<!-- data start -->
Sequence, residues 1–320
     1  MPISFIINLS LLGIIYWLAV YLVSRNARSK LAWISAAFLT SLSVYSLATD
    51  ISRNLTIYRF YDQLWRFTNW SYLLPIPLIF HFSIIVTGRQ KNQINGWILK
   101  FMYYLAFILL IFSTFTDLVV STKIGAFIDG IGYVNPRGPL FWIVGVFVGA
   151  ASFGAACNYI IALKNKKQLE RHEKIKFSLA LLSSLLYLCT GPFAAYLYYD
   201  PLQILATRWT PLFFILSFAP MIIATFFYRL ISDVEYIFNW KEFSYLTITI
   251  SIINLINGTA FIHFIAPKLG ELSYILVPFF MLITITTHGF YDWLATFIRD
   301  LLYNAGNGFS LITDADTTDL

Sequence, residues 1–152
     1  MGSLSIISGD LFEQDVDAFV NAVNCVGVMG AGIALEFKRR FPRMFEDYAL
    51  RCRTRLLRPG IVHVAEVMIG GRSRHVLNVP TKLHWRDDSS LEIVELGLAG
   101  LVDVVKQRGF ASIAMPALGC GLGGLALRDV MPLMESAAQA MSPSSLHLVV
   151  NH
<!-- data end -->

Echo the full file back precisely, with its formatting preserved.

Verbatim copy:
Sequence, residues 1–320
     1  MPISFIINLS LLGIIYWLAV YLVSRNARSK LAWISAAFLT SLSVYSLATD
    51  ISRNLTIYRF YDQLWRFTNW SYLLPIPLIF HFSIIVTGRQ KNQINGWILK
   101  FMYYLAFILL IFSTFTDLVV STKIGAFIDG IGYVNPRGPL FWIVGVFVGA
   151  ASFGAACNYI IALKNKKQLE RHEKIKFSLA LLSSLLYLCT GPFAAYLYYD
   201  PLQILATRWT PLFFILSFAP MIIATFFYRL ISDVEYIFNW KEFSYLTITI
   251  SIINLINGTA FIHFIAPKLG ELSYILVPFF MLITITTHGF YDWLATFIRD
   301  LLYNAGNGFS LITDADTTDL

Sequence, residues 1–152
     1  MGSLSIISGD LFEQDVDAFV NAVNCVGVMG AGIALEFKRR FPRMFEDYAL
    51  RCRTRLLRPG IVHVAEVMIG GRSRHVLNVP TKLHWRDDSS LEIVELGLAG
   101  LVDVVKQRGF ASIAMPALGC GLGGLALRDV MPLMESAAQA MSPSSLHLVV
   151  NH